The first article in this series focused on some of our most basic needs; hydration levels, nutrition, exercise, rest, and meditation. Increasing our depth and breadth of knowledge was the focus of the second article. Part 3 explores the importance of interpersonal relationships and how we communicate with ourselves and with one another.
Interpersonal relationships are how we get things done. The phrase, “no man is an island” is just as true today as it was yesterday and will continue to be relevant throughout our future. I cannot do everything by myself so I must keep healthy interpersonal relationships in order to be effective and efficient.
How do I maintain healthy interpersonal relationships? I start with my internal dialog and extend to my external dialog. The quality of my internal and external dialog directly drives my ability to create cohesive and efficient teams regardless of whether they are family, friends, or coworkers.
What does your internal dialog sound like and does it motivate you to become a person that you admire? Some individuals flourish with internal dialog that focuses on constructive criticism. Others need internal dialog that sounds like a cheerleader or champion. Each person has to foster internal dialog that propels him/her forward. Negativity is a Catch-22 situation where your internal dialog may hold you back (e.g., I’m a failure) from trying to succeed in life (e.g., no promotion) which feeds back to a destructive internal dialog. Do not hesitate to contact a counselor, psychologist, or other health professional if you feel your internal dialog is destructive and beyond your ability to adjust.
Modifying your internal dialog starts with monitoring your thoughts. A few years ago, I realized my internal dialog was holding me back from taking calculated risks. Now, I ask myself why, how, when, where, and/or who each time I catch myself with a negative thought. I also correct myself whenever I use always, never, and forever. As an example:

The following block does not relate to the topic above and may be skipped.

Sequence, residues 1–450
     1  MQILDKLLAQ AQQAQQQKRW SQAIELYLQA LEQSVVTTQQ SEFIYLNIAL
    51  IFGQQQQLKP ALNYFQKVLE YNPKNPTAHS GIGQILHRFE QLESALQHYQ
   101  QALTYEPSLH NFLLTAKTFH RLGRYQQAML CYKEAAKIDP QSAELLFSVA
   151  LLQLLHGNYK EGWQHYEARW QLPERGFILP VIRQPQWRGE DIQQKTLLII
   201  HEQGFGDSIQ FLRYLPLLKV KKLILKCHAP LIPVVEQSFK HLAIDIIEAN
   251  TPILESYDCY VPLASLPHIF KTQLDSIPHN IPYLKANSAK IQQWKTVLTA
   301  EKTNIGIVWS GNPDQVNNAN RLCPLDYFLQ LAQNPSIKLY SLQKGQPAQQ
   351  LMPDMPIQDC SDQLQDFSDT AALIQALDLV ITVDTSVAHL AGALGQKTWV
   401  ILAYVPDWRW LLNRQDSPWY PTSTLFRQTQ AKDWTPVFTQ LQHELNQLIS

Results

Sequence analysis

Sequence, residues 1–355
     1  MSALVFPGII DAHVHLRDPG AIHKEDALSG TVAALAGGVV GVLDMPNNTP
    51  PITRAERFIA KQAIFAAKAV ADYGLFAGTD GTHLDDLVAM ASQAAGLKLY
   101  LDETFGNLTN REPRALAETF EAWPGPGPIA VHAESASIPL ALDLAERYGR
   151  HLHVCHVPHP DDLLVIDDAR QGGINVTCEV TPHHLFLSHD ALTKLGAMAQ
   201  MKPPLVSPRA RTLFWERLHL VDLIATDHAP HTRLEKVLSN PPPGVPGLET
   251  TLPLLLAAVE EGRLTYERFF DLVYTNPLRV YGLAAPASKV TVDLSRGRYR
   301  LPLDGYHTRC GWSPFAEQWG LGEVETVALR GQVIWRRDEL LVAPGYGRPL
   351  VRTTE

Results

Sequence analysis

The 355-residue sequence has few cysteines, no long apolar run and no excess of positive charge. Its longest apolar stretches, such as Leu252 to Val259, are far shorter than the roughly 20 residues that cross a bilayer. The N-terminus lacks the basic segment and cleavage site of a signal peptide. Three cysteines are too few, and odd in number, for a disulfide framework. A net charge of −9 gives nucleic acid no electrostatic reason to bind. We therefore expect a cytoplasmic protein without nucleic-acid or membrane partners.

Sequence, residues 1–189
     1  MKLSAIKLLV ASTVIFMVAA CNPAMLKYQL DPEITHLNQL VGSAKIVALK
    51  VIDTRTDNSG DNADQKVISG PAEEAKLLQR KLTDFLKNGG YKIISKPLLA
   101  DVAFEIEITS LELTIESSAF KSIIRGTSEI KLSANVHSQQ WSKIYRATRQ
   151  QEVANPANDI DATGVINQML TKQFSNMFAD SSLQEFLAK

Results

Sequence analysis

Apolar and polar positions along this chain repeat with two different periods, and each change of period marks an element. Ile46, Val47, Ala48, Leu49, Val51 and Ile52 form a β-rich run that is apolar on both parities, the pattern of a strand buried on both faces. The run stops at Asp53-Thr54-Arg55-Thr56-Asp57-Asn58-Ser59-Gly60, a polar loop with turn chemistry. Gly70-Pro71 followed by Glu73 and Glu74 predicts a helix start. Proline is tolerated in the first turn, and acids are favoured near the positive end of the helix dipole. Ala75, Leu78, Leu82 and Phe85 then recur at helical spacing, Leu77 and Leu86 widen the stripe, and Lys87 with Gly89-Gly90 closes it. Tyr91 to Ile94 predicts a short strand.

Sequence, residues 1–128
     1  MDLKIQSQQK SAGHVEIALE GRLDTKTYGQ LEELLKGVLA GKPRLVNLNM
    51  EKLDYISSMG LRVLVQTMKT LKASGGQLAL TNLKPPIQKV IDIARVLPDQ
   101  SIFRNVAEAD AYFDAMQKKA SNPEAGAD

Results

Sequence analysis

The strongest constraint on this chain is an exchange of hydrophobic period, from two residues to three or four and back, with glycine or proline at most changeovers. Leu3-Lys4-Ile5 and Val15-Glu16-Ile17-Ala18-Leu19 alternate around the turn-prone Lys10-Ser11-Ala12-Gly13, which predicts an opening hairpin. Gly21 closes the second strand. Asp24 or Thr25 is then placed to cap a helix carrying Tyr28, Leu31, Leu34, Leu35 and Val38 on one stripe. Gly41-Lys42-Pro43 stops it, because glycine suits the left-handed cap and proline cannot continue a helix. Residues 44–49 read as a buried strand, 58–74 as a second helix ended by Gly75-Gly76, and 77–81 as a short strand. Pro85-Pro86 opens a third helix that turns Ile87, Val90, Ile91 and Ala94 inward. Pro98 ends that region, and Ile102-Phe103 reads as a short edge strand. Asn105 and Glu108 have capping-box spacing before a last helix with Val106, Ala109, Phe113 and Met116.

Negative Me: “I can’t catch a break! I always get passed over for the new projects!”
Positive Me: “You aren’t always passed over for projects. You were Project Lead for one in May and it was a great success. What skill set did leadership need for the new project? Maybe you should expand your skill set.”
It does not always work but it begins the slow process of change.
I am not very chatty at work which means I am not building a robust, diverse network of colleagues. In fact, I am the colleague that will forget to ask about your weekend and open a conversation with, “You wouldn’t happen to have the new report completed, would you?” Ouch! It is not that I am unfriendly. I just have many thoughts running around in my head. My internal dialog is too focused on what I am passionate about. I now remind myself that each person has their own unique set of interests which prompts me to ask about their personal and professional lives.
Your external dialog is typically a direct extension of your internal dialog. When my internal dialog is proactive and positive, it is easier to communicate in a proactive and positive manner. Effectively leveraging external dialog allows you to stay current on upcoming opportunities, provide support to those important to you, and reflect back and add to the general consensus of a group.
External dialog includes body language. As a consultant, I need to project a certain level of confidence, authority, and proficiency. My job as a consultant is to lead the way to a viable solution. When I meet a client, I keep good eye contact, give a firm handshake, and take the lead when presenting information. This body language is not as appropriate when I teach at the homeless shelter. My job there is no longer to lead the way. It is to help others to build resilience, find resources, and discover that they can make a difference in their own lives. My body language mirrors this change. I smile more often, dress more casual, and try to keep a more relaxed and open posture.
How will you refine your internal and external dialog this week?